Coca-Cola profits from brutal sugarcane field working conditions

Report: Coca-Cola profits from brutal sugarcane field working conditions.

New York Times report uncovers abuses of women, children who work for India sugar producers

One of the world’s most iconic consumer brands – which just happens to be based in Atlanta – is facing accusations it profits from a system exploiting children and the sterilization of women.

The Coca-Cola Company is the subject of a New York Times investigation published this week centering on sugar producers in India and the workers who harvest the sugarcane purchased by the company.

“In the morning, they go off to these sugar fields and they spend pretty much all day cutting sugar and it’s really backbreaking work,” said Megha Rajagopalan, one of The New York Times investigative reporters who broke the story.

Rajagopalan said the workers toil “12 to 15 hours a day. It’s a very, very long day. They sleep on the ground, pretty much on mats.”

Rajagopalan said she and her team interviewed dozens of people in the sugar supply chain, including laborers, contractors, mill owners and aid workers.

They uncovered young girls pushed into illegal child marriages so they can work alongside their husbands gathering sugar cane. Instead of receiving wages, they often worked to pay off advances from their employers, an arrangement that requires them to pay a fee for the privilege of missing work, even to see a doctor.

“These women are often told they need hysterectomies for problems that could actually be solved in a much less invasive way,” Rajagopalan said. “When they’re told this by doctors, especially those that are working in private clinics and hospitals that are looking for extra money from this kind of surgery, these women need a place to borrow it. A lot of the time, they are going to these contractors that work for sugar mills.”

Rajagopalan said Coca-Cola sources sugar in Maharashtra, which is where these practices are completely widespread and pervasive. “It also buys from Dalmia and NSL Sugars, two companies that own factories where we found that agricultural workers were going through these kinds of abuses,” Rajagopalan said.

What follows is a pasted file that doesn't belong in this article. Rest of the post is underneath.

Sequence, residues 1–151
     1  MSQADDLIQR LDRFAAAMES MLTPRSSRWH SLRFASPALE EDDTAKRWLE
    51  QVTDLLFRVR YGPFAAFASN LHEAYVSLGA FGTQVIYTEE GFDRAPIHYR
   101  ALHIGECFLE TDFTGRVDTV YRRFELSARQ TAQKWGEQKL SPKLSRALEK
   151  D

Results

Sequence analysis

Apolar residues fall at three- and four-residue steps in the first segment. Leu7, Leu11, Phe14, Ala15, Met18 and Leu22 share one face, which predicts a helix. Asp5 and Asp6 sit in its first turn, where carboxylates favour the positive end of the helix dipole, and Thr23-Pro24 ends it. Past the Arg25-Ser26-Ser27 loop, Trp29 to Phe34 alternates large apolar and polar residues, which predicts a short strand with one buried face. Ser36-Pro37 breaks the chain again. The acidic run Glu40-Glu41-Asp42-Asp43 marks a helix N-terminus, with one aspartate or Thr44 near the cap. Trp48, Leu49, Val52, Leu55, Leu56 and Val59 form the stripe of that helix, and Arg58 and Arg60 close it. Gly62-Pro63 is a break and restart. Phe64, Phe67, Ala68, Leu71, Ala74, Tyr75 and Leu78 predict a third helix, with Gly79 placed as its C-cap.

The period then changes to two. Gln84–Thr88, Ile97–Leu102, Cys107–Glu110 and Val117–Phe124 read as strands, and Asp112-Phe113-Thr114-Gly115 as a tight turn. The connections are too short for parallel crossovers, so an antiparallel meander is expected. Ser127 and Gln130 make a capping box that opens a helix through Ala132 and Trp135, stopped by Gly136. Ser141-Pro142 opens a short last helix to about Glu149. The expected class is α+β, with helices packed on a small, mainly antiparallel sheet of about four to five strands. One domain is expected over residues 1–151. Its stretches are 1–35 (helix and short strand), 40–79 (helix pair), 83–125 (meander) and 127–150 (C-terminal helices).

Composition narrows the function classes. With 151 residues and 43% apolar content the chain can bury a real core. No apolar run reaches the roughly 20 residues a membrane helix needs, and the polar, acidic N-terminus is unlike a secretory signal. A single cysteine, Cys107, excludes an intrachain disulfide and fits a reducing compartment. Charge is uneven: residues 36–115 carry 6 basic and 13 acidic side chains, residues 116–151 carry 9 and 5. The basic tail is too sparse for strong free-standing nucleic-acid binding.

Coca-Cola has known about the abusive system for years. According to a 2019 report produced by a Coca-Cola consultant, it shows that children were cutting sugar cane and laborers were working to repay their employers. They documented this in a report for the company, complete with an interview of a 10-year-old girl.

In an unrelated 2019 corporate report, Coca-Cola said it was supporting a program to “gradually reduce child labor” in India. Coca-Cola’s code of conduct for suppliers prohibits this.

“We condemn abuse in any form within our supply chain and take these reports very seriously,” Coca-Cola said in a statement responding to the New York Times report. “We are committed to respecting human rights wherever we do business and have prioritized addressing these issues in our global operations and supply chains. As such, we invest in a range of efforts from the local to global level to address human rights risks and impacts, with a particular focus on due diligence and stakeholder engagement.

“We are deeply troubled by The New York Times’ heart-rending reporting of forced hysterectomies in Maharashtra,” the company said. “We are committed to looking into and understanding the issues reported by The New York Times.”


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